Looking to stem the reported waste, fraud, and abuse that has plagued the eRate–the $2.25 billion-a-year federal program that provides telecommunications discounts to eligible schools and libraries–the Federal Communications Commission (FCC) on June 14 said it would seek public feedback regarding its administration and oversight of the Universal Service Fund (USF), the federal coffer from which the eRate draws its money.

The announcement, which could lead to the most significant changes yet made to the eRate in its eight-year history, comes in the wake of a congressional report that openly criticized the FCC for its lax oversight of the program and called on the commission to reevaluate its approach to approving and administering eRate funds.

“Managing the USF in an efficient, effective manner is one of the commission’s core functions,” said FCC Chairman Kevin J. Martin, a Republican, in a statement following the announcement. “It is incumbent upon us to take the steps necessary to improve the operational efficiency of the program while providing greater certainty to the recipients.”

State eRate coordinators and school officials who spoke with eSchool News said the inquiry is an important first step in restoring credibility to a program that some have dubbed “honeycombed” with fraud.

“It’s clear that the FCC is opening the program up to anything and everything,” said Virginia State eRate Coordinator Greg Weisiger, who added that his state “looks forward to working with the FCC to chart a new course and sustainable direction for the eRate program.”

In the Notice of Proposed Rulemaking (NPRM) on its web site, the FCC welcomes comments across the full scope of the program, with an emphasis on four specific areas: program management; improved oversight; administrative structure; and performance measures to help assess the effectiveness of the eRate going forward.

FCC officials are exploring ways to simplify the process by which schools apply for and receive eRate funds. Among the potential changes the commission, which currently consists of two Democrats and two Republican members, is considering: A new management structure that would enable schools to apply for multi-year funding commitments on telecommunications services, rather than reapplying for the same services year after year, as is now the case.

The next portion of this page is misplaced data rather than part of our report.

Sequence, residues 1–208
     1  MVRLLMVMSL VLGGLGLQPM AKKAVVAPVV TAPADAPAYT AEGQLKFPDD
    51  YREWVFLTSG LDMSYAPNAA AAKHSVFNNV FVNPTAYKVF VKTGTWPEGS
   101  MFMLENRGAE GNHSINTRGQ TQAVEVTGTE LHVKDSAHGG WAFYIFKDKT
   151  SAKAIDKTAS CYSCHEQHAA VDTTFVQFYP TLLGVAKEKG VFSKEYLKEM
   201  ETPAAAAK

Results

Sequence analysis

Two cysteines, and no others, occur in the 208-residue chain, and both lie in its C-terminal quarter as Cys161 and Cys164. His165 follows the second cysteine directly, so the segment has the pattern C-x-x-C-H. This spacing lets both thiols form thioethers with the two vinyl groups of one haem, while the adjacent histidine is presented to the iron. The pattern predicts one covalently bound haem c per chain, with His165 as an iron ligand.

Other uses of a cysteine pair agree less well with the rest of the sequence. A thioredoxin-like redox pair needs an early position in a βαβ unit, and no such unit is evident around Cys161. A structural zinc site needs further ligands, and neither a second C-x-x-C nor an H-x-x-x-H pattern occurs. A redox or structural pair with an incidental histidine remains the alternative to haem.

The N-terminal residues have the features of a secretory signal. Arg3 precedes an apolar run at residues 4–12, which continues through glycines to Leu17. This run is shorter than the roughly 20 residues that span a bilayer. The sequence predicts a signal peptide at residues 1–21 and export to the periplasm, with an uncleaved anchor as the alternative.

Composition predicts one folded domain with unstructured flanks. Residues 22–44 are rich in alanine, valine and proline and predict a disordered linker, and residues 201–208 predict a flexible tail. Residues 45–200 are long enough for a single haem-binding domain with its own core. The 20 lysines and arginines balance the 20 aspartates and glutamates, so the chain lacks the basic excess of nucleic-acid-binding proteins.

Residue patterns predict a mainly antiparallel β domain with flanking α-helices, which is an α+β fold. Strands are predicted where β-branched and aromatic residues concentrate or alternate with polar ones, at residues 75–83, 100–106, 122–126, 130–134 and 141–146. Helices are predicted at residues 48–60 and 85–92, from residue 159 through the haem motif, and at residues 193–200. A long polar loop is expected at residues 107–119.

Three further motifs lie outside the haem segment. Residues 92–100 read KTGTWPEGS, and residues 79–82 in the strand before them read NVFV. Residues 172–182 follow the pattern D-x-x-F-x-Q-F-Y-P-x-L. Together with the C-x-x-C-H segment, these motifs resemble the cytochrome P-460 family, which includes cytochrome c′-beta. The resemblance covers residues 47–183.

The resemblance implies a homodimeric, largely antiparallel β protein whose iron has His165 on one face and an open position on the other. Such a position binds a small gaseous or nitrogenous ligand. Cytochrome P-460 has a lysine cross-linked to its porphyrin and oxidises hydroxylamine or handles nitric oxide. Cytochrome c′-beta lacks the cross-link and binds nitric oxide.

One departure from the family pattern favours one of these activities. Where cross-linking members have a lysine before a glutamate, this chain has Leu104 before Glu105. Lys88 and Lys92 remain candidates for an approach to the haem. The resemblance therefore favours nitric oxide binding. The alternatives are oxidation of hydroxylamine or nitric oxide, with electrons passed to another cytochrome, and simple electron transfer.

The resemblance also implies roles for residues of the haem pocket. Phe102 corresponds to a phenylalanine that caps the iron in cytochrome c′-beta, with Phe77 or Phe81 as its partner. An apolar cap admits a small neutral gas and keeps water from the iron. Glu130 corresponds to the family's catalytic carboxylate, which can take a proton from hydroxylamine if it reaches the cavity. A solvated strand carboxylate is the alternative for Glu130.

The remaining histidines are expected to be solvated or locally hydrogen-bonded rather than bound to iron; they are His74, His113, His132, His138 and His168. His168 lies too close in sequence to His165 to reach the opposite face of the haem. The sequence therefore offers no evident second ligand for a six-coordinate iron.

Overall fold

Several eRate insiders who spoke with eSchool News said the application process is so tedious that many eligible schools have opted to forgo eRate funds in favor of sparing staff members the hassle of applying.

This is especially true for schools seeking funding for non-essential Priority Two services, said one program insider who spoke on the condition of anonymity. “I’ve got applicants dropping out of the program left and right,” he said. “It’s just not worth the hassle.”

Primarily, the FCC wants to establish an audit system for ensuring that eRate funds are being spent legally and is inviting comment on what rules would make the process effective and fair. Other potential safeguards include a recovery process for recouping program dollars not used in accordance with eRate rules.

“We must … always be mindful of protecting the program from those few who would abuse it,” said Commissioner Michael Copps, a Democrat, following the agency’s announcement. “While instances of intentional fraud are infrequent, our goal must be to eliminate them altogether. I therefore support the NPRM’s conclusion that we will strengthen our debarment rules and take new steps to identify and punish predatory contractors.”

The commission also said it will look internally, vowing to reconfigure its own administrative functions in efforts to rebuild the troubled program. It seeks comment on whether any rule changes are needed “to ensure the USF is administered in an effective, competitively neutral way.”

One suggestion, which Martin has raised in the past, is to replace the current application process with a funding formula that would dole out money to eligible schools based on the size of enrollment.

But the suggestion has met with less enthusiasm from the Democratic half of the commission.

For his part, Copps has questioned whether such a change would limit the potential for one form of abuse while propagating another.

“So many questions about this approach remain unaddressed,” wrote Copps in his statement. “Tying funds to school size could conceivably result in our rural and insular schools being denied the funds they need for the extraordinary cost of services in these areas, just because they have fewer students. And if schools are given a sum of money to be used for unspecified purposes rather than for specified and verifiable services and equipment, it could be much more difficult to identify fraud.”

At press time, the NPRM had yet to be posted in the Federal Register. Once that happens, educators will have up to 150 days to respond with their comments, FCC officials said.

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